Article Text

Download PDFPDF
Review
The future of neuroprotection in stroke
  1. Ángel Chamorro1,
  2. Eng H Lo2,
  3. Arturo Renú1,
  4. Klaus van Leyden2,
  5. Patrick D Lyden3
  1. 1Neurology, Hospital Clinic de Barcelona, Barcelona, Spain
  2. 2Neurology, Massachusetts General Hospital, Boston, Massachusetts, USA
  3. 3USC Keck School of Medicine, Los Angeles, California, USA
  1. Correspondence to Professor Ángel Chamorro, Neurology, Hospital Clinic de Barcelona, Barcelona 08036, Spain; achamorro{at}ub.edu

Abstract

Investigators acknowledge the limitations of rodent or non-human primate stroke models, hundreds of putative neuroprotectants have been evaluated in preclinical models, but not one has entered the clinical realm. Initial studies focused on the neuron, but in recent years the focus has widened to also include other neural cells including astrocytes, pericytes and endothelial cells, which together form the neurovascular unit. Some new developments raise renewed hope for neuroprotection: the appearance of new compounds with multiple mechanisms of action, or the promulgation of new standards for a rigorous preclinical testing. At the bedside in the last 5 years, uric acid and nerinetide are the only compounds tested for clinical efficacy in randomised controlled trials (RCTs), where all patients had to receive reperfusion therapies, either intravenous thrombolysis and/or mechanical thrombectomy. In addition, otaplimastat, 3K3A-activated protein C (APC), intra-arterial verapamil and intra-arterial hypothermia were also assessed in combination with reperfusion therapy, but in RCTs that only included feasibility or safety outcomes. Some of these compounds yielded promising results which are discussed in this review. Altogether, a deeper knowledge of the mechanisms involved in the ischaemic death process at the neurovascular unit, an improved preselection and evaluation of drugs at the preclinical stage and the testing of putative neuroprotectants in enriched clinical studies of patients receiving reperfusion therapies, might prove more effective than in the past to reverse a dismal situation that has lasted already too long.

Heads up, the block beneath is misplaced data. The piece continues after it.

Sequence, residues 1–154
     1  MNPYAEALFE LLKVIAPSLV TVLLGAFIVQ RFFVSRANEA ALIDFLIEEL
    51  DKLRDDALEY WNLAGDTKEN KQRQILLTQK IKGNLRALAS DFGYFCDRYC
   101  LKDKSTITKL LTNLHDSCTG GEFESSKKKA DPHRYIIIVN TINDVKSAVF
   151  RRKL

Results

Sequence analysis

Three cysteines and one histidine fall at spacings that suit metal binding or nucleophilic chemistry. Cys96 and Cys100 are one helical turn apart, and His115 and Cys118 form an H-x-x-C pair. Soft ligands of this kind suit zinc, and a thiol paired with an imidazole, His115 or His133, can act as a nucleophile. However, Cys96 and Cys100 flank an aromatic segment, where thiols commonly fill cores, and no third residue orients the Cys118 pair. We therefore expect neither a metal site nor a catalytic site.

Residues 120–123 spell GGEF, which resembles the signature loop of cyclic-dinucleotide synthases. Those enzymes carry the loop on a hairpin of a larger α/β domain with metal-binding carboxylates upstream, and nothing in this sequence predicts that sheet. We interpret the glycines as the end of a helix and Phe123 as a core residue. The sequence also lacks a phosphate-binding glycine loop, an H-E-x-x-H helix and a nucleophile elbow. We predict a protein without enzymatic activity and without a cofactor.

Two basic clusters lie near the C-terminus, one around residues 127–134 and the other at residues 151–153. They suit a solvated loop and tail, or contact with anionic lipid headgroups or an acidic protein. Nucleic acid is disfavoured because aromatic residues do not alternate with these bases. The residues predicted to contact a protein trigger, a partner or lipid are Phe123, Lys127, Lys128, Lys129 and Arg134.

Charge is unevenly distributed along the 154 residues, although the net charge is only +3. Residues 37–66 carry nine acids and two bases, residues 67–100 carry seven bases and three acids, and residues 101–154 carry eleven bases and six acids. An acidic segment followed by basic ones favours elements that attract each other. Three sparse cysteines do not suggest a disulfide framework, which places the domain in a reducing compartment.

• stroke
  • randomised trials
  • cerebrovascular
View Full Text

Statistics from Altmetric.com

Footnotes

  • Funding The authors have not declared a specific grant for this research from any funding agency in the public, commercial or not-for-profit sectors.

  • Competing interests ÁC is inventor of a patent on the combination of uric acid and citicoline.

  • Patient consent for publication Not required.

  • Provenance and peer review Commissioned; externally peer reviewed.

Request Permissions

If you wish to reuse any or all of this article please use the link below which will take you to the Copyright Clearance Center’s RightsLink service. You will be able to get a quick price and instant permission to reuse the content in many different ways.